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|Title:||Patterns of Resource Utilization by Spring Bees Visiting Salix With Emphasis on Use of Pollen by Bees in the Genus Andrena (Hymenoptera: Apoidea) (Competition, Resource Partitioning)|
|Author(s):||Miliczky, Eugene Robert|
|Department / Program:||Entomology|
|Degree Granting Institution:||University of Illinois at Urbana-Champaign|
|Abstract:||The resource utilization patterns of native vernal bees visiting Salix (willows) were studied at a site in Champaign Co., east central Illinois during 1982-84. Hourly sweep collections of insects visiting willows and several other important pollen/nectar sources were made throughout the active seasons of the most important spring bees (late April through late June). More than 20,000 bees in over 100 species were captured. A majority were identified to species in the field and returned to the local population. The rest were processed in the laboratory. Four species of Salix were present at the study site and all were visited by bees, the most important of which were members of the large, holarctic genus Andrena and several genera in the family Halictidae. Salix rigida, S. amygdaloides, and S. nigra bloomed sequentially starting in late April and ending in late May. Each bloomed for 10-20 days with little overlap during peak bloom of temporally adjacent species. The fourth species, S. interior, had an extremely long flowering period. Beginning near the end of April and extending into July, it overlapped the other three.
Three abundant bees in the genus Andrena that are specialists (oligoleges) on Salix pollen were found to differ in seasonal phenology. Differences in daily activity periods were present but probably less important ecologically. The three oligoleges, however, showed similar preferences for concurrently blooming willows as pollen sources. Although S. rigida was used primarily as a nectar source, being the first to bloom and rare at the site, S. amygdaloides and S. nigra in turn, were preferred as pollen sources over the concurrently flowering S. interior by all three. During June, when S. interior was the only willow in flower, it was visited for pollen by the oligoleges. Many non-specialist bees (polyleges) visited the willows and showed similar pollen preferences to the oligoleges. They did not, however, use S. interior as a pollen source during June, visiting it primarily for nectar. Pollen preferences may be related to certain characteristics of the catkins and flowering phenologies of the male willows that appear to make them more attractive pollen sources.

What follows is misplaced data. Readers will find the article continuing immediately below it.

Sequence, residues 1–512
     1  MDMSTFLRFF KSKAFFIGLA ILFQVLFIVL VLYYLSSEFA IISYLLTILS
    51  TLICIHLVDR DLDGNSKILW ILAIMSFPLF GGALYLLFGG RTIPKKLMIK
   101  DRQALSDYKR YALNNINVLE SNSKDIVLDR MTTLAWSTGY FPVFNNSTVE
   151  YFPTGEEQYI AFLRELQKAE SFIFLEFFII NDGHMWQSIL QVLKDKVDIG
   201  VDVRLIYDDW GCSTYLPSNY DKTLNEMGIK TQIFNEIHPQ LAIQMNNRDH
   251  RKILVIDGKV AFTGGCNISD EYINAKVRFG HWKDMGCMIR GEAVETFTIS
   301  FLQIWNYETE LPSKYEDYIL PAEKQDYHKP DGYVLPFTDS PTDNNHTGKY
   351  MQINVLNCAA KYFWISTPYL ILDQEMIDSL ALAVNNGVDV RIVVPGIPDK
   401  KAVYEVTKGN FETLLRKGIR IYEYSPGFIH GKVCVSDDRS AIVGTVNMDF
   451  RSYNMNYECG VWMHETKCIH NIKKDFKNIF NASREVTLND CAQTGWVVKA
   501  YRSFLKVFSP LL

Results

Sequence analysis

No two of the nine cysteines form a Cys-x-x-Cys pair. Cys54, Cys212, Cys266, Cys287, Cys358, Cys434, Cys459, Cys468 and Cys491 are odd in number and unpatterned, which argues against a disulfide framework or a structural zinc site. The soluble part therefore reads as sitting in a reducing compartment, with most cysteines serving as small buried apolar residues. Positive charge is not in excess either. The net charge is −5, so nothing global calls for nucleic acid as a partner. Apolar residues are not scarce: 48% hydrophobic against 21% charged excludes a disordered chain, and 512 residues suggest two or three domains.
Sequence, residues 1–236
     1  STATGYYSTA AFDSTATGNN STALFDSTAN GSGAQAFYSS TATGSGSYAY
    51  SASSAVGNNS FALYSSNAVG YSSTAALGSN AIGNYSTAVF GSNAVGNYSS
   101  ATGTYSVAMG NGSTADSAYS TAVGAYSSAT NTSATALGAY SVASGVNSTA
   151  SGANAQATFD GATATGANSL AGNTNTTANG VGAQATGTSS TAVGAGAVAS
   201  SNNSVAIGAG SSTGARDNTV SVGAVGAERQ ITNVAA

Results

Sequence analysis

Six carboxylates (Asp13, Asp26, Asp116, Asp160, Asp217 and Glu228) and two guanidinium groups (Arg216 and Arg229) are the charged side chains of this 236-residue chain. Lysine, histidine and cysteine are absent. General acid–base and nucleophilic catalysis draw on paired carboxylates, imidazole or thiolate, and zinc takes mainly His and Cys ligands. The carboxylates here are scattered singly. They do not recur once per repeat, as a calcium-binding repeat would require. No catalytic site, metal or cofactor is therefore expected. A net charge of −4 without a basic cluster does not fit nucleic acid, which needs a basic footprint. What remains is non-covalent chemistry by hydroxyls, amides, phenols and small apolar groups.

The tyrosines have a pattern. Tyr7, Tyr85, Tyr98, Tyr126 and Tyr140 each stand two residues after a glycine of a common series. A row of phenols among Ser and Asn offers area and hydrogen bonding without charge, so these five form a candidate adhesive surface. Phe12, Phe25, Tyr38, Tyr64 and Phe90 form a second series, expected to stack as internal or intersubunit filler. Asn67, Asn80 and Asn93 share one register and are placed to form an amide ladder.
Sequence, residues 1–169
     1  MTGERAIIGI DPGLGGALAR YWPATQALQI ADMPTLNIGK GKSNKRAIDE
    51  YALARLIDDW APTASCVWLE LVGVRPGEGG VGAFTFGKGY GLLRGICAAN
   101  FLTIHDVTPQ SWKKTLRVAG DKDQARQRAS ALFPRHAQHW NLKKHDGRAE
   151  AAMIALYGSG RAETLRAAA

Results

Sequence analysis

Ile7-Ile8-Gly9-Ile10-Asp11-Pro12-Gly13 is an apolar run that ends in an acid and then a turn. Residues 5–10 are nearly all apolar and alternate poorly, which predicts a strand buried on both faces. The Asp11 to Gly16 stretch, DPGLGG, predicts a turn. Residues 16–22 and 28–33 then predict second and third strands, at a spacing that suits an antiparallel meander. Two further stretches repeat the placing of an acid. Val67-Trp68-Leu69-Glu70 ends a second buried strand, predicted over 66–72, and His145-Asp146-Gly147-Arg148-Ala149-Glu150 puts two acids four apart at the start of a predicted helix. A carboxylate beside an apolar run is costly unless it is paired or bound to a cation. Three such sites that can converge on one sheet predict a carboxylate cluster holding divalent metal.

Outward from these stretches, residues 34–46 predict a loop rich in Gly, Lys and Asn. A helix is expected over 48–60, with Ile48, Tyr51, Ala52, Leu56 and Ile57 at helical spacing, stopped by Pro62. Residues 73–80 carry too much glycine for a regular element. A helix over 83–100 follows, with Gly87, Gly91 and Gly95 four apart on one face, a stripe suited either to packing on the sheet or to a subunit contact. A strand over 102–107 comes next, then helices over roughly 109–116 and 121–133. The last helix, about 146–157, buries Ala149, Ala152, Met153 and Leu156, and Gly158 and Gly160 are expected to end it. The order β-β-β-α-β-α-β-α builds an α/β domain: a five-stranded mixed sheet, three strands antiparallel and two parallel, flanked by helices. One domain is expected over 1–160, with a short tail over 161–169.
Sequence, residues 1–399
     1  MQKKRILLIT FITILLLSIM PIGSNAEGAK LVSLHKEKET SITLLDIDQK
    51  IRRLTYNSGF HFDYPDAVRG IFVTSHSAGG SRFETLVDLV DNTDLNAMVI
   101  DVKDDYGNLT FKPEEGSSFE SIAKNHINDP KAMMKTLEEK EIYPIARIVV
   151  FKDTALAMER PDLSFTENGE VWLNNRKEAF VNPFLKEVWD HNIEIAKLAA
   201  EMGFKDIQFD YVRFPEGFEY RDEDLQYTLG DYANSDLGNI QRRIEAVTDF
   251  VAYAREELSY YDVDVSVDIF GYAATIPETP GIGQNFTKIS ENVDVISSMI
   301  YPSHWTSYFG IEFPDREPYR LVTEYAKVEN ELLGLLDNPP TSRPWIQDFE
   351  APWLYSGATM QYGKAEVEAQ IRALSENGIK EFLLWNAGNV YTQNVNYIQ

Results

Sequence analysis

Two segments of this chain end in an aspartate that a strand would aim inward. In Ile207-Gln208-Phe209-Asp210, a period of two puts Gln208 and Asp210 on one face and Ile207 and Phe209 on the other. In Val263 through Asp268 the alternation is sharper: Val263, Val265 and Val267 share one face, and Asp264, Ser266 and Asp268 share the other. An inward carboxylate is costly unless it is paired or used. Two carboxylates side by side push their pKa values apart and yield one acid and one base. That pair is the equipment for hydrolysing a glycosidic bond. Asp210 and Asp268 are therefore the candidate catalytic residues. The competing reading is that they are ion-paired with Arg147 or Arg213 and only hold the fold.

The foraging behavior of the three Salix oligoleges on S. interior is described and evidence presented indicating that bees are important pollinators of the dioecious willows.
Thesis (Ph.D.)--University of Illinois at Urbana-Champaign, 1985.
|Date Available in IDEALS:||2014-12-16|